Power302 HP / 273 LB-FT
Cargo15.9 / 54.8 CU-FT
MPG16 City / 22 HWY
We admit it: It's easy to dig the Mercedes-Benz GLK. Like many of our preferred Jeep models, the GLK presents itself as a true small, rugged all-rounder that you can use just about any way you need. Yes, the rectilinear design is polarizing, but for us, the poles seem to line up more often than not. And, granted, any sort of utility vehicle that presents itself all in white or off-white – inside and out in this tester's case – with 19-inch Pirellis is going to face a ribbing by manly men. Tooth-whitening brightness and fancy shoes aside, anything that aspires to emulate – even peripherally – the rep of the legendary G-Class is welcome anytime in our driveway.
A gnarly strong off-roader? With only a 3.27:1 rear axle available and two overdrive gears, not truly, no. But get the new Offroad Engineering Package on the 4Matic chassis and the GLK thumps along with its 4.38:1 first and 2.86:1 second gears almost as well as a Jeep Grand Cherokee Laredo X 4x4. (We picked that one because the Jeep's base price is right near that of the GLK 350 4Matic and power is roughly the same.) Trouble is that this more rugged GLK package will not be made available in North America any time soon, so the optional $2,000 4Matic all-wheel drive system – with those same ratios – will have to continue to be enough for us.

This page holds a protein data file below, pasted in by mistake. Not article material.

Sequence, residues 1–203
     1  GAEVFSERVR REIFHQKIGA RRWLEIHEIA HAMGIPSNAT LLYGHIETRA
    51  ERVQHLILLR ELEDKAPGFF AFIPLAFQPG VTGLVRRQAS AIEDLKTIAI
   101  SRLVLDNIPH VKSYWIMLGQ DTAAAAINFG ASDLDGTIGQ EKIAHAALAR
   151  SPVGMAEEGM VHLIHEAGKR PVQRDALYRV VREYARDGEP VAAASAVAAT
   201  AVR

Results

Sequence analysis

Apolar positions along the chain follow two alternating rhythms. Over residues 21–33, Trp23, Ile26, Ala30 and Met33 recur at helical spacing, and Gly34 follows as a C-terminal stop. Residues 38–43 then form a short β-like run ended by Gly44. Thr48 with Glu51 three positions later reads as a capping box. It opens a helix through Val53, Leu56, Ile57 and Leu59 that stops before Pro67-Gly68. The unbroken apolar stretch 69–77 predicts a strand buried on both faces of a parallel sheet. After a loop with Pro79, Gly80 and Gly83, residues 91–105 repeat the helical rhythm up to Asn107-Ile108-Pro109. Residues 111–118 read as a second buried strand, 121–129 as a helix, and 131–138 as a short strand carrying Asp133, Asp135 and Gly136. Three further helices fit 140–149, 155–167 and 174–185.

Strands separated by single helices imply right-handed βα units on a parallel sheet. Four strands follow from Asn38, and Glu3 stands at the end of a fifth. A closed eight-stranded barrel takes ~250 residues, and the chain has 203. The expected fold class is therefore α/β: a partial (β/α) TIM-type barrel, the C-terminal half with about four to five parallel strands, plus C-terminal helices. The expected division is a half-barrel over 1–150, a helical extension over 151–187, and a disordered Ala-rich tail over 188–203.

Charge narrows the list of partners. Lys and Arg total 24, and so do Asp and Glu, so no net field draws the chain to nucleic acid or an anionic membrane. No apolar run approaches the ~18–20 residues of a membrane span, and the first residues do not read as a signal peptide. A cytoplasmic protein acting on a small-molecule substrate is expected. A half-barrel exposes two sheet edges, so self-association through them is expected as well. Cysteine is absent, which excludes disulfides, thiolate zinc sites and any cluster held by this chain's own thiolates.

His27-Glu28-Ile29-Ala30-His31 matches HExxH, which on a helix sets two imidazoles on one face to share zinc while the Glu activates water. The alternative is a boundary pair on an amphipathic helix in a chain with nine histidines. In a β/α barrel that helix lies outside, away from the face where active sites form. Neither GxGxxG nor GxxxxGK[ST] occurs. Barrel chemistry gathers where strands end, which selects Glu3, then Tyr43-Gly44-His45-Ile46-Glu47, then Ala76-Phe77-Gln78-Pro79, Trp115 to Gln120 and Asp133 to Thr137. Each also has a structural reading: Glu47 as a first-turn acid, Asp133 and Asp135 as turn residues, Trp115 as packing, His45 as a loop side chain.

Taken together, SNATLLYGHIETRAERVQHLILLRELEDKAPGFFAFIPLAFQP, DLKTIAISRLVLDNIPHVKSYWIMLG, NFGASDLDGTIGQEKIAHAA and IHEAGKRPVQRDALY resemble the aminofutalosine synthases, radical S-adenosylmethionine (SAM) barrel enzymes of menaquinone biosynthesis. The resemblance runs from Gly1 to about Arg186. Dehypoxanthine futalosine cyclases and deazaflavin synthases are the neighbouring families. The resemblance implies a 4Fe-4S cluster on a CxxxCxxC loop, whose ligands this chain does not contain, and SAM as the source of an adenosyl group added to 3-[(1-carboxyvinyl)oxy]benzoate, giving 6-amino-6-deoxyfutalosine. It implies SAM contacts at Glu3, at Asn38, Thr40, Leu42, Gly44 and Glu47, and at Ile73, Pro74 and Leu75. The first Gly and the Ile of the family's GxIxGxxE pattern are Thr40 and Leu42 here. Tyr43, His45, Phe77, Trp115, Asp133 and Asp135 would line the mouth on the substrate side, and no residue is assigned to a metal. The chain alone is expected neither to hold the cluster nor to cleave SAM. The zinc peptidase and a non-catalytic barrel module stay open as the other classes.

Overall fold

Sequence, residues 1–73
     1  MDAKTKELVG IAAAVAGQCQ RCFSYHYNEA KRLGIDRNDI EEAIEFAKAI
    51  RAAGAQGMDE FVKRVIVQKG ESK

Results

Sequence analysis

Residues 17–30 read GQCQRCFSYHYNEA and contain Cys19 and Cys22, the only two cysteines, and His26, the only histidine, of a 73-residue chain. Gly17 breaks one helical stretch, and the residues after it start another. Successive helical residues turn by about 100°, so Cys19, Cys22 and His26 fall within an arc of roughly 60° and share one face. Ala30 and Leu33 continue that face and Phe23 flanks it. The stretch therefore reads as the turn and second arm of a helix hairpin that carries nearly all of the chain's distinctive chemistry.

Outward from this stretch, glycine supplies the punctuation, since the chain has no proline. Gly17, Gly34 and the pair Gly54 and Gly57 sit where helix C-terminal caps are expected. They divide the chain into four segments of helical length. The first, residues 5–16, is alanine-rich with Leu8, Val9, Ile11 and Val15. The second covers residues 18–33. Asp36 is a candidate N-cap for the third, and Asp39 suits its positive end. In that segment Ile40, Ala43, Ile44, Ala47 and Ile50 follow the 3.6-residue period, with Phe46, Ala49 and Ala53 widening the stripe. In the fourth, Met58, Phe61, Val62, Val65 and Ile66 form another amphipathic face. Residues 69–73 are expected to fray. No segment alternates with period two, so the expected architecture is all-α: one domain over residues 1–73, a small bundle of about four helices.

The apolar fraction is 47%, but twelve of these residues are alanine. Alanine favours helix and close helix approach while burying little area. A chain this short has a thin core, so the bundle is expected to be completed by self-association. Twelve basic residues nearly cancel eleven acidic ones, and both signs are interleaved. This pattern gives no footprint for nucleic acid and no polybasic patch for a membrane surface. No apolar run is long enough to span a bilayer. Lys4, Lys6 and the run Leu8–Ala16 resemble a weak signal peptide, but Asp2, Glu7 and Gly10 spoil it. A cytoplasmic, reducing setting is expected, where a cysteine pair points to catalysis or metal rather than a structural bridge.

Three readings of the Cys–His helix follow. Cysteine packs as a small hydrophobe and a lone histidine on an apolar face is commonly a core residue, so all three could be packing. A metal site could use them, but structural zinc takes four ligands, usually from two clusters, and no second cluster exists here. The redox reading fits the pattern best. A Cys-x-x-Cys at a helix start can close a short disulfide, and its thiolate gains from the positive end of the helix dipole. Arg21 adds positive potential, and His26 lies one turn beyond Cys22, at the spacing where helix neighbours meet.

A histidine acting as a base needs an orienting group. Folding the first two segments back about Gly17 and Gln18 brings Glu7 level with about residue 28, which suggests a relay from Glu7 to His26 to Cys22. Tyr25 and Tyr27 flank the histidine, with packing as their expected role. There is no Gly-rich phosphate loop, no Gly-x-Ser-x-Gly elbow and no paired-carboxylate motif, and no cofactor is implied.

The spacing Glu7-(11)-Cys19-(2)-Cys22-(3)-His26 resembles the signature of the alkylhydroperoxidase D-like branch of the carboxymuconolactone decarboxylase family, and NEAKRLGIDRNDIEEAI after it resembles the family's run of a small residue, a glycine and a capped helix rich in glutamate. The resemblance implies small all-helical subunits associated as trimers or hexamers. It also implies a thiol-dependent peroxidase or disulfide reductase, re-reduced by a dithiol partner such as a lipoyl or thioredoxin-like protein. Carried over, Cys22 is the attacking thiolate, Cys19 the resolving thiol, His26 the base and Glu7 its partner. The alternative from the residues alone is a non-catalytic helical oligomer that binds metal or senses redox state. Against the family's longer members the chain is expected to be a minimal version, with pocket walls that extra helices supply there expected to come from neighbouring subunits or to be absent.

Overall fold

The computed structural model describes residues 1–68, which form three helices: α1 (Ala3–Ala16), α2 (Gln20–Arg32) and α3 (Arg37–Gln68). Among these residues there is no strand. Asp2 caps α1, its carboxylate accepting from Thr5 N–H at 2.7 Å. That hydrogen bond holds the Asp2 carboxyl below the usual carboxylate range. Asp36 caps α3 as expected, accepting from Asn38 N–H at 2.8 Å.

That's a shame, because our offroad activities in this updated GLK – admittedly executed in a wonderfully torque-filled GLK 350 CDI on 17-inch Bridgestones with the offroad setup prepped specifically for this event – was solid stuff. It seems U.S. dirt country roads with occasional washboarding is realistically the meanest situation envisioned for Yankee GLKs, so U.S. owners are unlikely to know just how capable their vehicle's chassis can be when properly outfitted.